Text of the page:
Psychologists intimate that action is determined by the selection of the subject upon which the attention is habitually fixed. The newspapers, the theatrical posters, the street conversations for weeks had to do with war and bloodshed. The little children on the street played at war, day after day, killing Spaniards. The humane instinct, which keeps in abeyance the tendency to cruelty, the growing belief that the life of each human being — however hopeless or degraded, is still sacred — gives way, and the barbaric instinct asserts itself.
It is doubtless only during a time of war that the men and women of Chicago could tolerate whipping for children in our city prison, and it is only during such a time that the introduction in the legislature of a bill for the re-establishment of the whipping post could be possible. National events determine our ideals, as much as our ideals determine national events.
You can no more win a war than you can win an earthquake.
We will not learn how to live together in peace by killing each other’s children.
I must study politics and war that my sons may have liberty to study mathematics and philosophy. My sons ought to study mathematics and philosophy, geography, natural history, naval architecture, navigation, commerce and agriculture in order to give their children a right to study painting, poetry, music, architecture, statuary, tapestry, and porcelain.
It is an unfortunate fact that we can secure peace only by preparing for war.
Unconditional war can no longer lead to unconditional victory. It can no longer serve to settle disputes. It can no longer be of concern to great powers alone. For a nuclear disaster, spread by winds and waters and fear, could well engulf the great and the small, the rich and the poor, the committed and the uncommitted alike. Mankind must put an end to war or war will put an end to mankind.
The wave of the future is not the conquest of the world by a single dogmatic creed but the liberation of the diverse energies of free nations and free men.
I saw courage both in the Vietnam War and in the struggle to stop it. I learned that patriotism includes protest, not just military service.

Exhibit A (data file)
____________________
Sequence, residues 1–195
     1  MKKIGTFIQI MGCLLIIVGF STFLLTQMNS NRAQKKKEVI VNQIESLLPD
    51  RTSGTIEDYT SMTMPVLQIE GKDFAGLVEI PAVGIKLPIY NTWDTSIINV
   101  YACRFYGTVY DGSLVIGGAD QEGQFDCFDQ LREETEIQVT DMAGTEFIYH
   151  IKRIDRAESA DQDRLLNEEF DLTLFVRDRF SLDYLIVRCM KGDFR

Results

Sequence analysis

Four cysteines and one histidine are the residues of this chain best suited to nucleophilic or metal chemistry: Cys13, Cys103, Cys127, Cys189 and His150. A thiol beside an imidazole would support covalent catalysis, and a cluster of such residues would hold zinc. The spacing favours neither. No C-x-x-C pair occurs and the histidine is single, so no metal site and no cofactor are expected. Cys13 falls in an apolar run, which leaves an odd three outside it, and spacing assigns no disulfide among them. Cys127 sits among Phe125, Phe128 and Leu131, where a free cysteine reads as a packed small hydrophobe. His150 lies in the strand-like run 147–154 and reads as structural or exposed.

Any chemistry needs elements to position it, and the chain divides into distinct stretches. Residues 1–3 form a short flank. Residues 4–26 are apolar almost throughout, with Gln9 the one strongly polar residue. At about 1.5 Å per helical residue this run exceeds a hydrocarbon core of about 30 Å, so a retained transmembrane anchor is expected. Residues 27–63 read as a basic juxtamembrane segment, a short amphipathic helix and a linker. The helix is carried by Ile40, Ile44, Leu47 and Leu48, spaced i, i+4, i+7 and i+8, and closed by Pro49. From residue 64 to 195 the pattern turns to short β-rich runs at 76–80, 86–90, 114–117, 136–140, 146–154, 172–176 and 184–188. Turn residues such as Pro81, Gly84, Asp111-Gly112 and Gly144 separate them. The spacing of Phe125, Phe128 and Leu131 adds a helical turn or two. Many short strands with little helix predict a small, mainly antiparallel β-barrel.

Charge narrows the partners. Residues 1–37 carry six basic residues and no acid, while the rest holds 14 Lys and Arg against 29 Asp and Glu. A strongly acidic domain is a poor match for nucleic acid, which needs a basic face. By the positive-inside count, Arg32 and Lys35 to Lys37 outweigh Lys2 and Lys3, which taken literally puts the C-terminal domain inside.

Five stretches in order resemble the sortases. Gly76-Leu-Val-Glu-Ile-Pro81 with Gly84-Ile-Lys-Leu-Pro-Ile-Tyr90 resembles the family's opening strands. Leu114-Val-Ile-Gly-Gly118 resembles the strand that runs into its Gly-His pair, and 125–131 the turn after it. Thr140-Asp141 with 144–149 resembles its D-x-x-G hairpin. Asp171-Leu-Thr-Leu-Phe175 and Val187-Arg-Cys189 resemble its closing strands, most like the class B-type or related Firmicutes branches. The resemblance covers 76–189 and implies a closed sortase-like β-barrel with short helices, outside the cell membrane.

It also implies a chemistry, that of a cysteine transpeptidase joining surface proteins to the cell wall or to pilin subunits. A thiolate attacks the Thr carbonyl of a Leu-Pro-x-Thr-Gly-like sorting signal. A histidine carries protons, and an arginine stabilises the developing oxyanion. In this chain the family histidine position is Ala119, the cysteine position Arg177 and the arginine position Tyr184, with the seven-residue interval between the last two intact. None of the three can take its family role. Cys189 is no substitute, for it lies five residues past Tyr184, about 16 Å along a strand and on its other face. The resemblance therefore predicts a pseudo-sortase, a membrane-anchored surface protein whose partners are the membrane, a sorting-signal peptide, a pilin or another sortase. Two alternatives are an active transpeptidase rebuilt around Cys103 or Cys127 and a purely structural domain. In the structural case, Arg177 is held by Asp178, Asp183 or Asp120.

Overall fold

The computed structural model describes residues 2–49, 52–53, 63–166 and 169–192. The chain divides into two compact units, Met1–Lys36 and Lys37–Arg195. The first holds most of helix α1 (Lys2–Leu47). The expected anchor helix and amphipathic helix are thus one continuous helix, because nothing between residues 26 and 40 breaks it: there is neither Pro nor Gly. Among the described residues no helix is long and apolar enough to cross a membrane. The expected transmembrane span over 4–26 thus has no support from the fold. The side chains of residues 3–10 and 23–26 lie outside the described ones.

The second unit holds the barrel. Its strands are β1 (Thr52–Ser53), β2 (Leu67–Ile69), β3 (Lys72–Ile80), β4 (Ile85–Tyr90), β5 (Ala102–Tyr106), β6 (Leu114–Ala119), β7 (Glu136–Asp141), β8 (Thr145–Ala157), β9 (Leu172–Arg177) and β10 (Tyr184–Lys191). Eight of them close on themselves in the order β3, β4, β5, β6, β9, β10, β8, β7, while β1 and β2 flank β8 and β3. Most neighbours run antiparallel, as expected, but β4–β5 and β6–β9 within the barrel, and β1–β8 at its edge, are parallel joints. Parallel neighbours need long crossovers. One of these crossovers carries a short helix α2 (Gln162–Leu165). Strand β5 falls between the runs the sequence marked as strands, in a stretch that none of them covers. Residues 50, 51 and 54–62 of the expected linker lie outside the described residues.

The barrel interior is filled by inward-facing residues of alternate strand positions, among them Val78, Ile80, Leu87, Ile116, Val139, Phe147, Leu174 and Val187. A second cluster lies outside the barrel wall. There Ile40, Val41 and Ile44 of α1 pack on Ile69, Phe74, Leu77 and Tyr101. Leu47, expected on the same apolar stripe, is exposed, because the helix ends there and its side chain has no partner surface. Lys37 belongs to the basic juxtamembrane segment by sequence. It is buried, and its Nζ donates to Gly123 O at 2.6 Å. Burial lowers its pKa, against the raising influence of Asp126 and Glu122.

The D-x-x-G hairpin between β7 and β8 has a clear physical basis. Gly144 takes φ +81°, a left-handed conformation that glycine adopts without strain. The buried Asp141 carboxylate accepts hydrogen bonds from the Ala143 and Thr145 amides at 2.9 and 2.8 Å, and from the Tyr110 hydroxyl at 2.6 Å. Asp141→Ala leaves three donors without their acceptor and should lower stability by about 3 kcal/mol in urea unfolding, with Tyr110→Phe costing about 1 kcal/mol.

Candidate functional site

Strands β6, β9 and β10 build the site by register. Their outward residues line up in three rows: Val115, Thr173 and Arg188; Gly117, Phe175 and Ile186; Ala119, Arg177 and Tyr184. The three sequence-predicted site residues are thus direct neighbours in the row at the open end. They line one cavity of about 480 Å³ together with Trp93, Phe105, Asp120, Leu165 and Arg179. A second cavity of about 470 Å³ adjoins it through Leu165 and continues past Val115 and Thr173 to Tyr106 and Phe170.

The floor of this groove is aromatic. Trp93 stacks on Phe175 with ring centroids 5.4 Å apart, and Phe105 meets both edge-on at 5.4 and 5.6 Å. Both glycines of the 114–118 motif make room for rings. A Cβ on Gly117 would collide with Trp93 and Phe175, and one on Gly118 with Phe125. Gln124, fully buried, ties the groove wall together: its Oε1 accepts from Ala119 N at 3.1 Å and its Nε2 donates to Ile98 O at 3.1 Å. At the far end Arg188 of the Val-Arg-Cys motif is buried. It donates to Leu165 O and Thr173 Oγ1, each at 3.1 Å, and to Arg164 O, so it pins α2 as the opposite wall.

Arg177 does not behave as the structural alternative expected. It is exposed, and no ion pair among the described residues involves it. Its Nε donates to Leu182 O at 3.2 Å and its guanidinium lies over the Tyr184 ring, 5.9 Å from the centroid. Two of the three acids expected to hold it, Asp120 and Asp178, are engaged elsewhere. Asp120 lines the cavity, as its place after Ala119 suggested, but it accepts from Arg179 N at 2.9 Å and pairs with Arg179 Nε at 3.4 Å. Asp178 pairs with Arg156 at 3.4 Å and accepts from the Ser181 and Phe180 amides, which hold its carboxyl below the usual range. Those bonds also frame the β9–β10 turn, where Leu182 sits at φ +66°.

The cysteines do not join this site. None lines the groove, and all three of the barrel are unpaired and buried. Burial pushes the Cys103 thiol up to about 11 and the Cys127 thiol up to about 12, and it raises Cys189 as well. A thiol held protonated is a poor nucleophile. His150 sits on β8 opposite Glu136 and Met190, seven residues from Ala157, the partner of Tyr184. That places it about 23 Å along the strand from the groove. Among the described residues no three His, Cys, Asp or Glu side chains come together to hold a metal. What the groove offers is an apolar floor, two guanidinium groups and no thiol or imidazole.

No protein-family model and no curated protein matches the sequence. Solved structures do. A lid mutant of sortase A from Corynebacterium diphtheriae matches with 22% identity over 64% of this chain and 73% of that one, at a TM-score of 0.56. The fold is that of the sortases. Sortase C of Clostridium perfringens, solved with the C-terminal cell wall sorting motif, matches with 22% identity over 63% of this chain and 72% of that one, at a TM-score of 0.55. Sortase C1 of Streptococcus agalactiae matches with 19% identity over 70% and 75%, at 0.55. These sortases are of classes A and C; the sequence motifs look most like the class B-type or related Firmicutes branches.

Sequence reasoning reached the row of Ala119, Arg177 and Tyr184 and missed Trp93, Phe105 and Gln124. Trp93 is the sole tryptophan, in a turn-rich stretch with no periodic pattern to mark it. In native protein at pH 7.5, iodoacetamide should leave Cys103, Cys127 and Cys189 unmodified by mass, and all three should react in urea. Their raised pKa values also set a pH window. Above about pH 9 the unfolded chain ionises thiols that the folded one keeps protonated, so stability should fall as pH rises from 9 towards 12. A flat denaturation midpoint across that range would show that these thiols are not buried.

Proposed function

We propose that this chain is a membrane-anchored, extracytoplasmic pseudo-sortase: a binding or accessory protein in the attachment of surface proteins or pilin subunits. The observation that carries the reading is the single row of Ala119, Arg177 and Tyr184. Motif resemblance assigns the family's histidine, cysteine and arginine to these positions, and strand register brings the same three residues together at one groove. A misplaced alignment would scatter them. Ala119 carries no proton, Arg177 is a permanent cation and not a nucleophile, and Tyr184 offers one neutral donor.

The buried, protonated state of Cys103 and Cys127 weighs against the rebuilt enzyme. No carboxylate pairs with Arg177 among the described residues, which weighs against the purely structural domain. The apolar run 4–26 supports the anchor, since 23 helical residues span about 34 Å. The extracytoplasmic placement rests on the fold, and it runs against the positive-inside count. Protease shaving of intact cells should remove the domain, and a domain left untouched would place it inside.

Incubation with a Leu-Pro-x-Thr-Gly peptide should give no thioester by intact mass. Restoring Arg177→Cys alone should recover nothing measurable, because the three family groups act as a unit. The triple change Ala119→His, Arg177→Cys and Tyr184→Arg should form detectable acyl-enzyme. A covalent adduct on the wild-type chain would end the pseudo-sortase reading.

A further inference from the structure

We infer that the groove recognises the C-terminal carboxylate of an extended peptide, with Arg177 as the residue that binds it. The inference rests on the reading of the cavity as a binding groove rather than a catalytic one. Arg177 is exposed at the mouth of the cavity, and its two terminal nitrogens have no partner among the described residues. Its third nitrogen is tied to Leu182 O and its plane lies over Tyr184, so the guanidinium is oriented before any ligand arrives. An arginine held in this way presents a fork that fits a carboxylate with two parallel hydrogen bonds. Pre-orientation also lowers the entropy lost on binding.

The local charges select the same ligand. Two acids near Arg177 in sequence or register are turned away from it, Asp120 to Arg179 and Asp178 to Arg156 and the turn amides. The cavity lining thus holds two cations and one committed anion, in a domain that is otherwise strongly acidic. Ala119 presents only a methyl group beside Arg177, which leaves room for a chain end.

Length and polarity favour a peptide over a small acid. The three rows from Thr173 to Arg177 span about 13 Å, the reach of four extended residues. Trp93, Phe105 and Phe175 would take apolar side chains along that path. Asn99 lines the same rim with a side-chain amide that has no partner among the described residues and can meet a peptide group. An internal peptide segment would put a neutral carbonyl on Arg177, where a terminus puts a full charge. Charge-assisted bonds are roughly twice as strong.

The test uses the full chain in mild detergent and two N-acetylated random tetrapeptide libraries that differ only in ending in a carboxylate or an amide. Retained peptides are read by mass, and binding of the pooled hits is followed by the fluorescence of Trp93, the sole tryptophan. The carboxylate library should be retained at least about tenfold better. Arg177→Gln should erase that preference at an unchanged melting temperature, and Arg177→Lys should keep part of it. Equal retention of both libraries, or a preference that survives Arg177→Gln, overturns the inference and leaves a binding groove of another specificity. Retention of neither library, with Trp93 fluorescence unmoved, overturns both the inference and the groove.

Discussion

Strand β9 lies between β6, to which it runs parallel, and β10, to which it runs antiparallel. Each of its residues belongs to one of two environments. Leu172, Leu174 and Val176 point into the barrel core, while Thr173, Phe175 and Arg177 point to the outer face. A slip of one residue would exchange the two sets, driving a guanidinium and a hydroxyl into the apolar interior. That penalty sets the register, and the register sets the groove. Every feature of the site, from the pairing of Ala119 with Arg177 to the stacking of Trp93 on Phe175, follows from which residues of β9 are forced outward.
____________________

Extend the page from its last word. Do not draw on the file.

War is an ugly thing, but not the ugliest of things. The decayed and degraded state of moral and patriotic feeling which thinks that nothing is worth war is much worse. The person who has nothing for which he is willing to fight, nothing which is more important than his own personal safety, is a miserable creature, and has no chance of being free unless made or kept so by the exertions of better men than himself.
May we look upon our treasure, the furniture of our houses, and our garments, and try to discover whether the seeds of war have nourishment in these our possessions.
I’d like to see the government get out of war altogether and leave the whole field to private individuals.
Villager : An eye for an eye, and a tooth for a tooth.
Tevye : Very good. That way the whole world will be blind and toothless.
For capitalism, war and peace are business and nothing but business.
I am passionately interested in understanding how my country works. And if you want to know about this thing called the United States of America you have to know about the Civil War.
War is so unjust and ugly that all who wage it must try to stifle the voice of conscience within themselves.
Establishing lasting peace is the work of education; all politics can do is keep us out of war.
For every Crusade and Revolution and Civil War, there have always been those who argued, with great clarity, that violence not only was immoral but that it was even a less effective means of achieving laudable goals.
War is a malignant disease, an idiocy, a prison, and the pain it causes is beyond telling or meaning; but war was our condition and our history, the place we had to live in.
Those who love peace must learn to organize as effectively as those who love war.
I refuse to accept the idea that man is mere flotsam and jetsam in the river of life, unable to influence the unfolding events which surround him. I refuse to accept the view that mankind is so tragically bound to the starless midnight of racism and war that the bright daybreak of peace and brotherhood can never become a reality.
There is something strangely inconsistent about a nation and a press that would praise you when you say, ‘Be nonviolent toward Jim Clark,’ but will curse and damn you when you say, ‘Be nonviolent toward little brown Vietnamese children.’ There is something wrong with that press.
What difference does it make to the dead, the orphans and the homeless, whether the mad destruction is wrought under the name of totalitarianism or the holy name of liberty or democracy?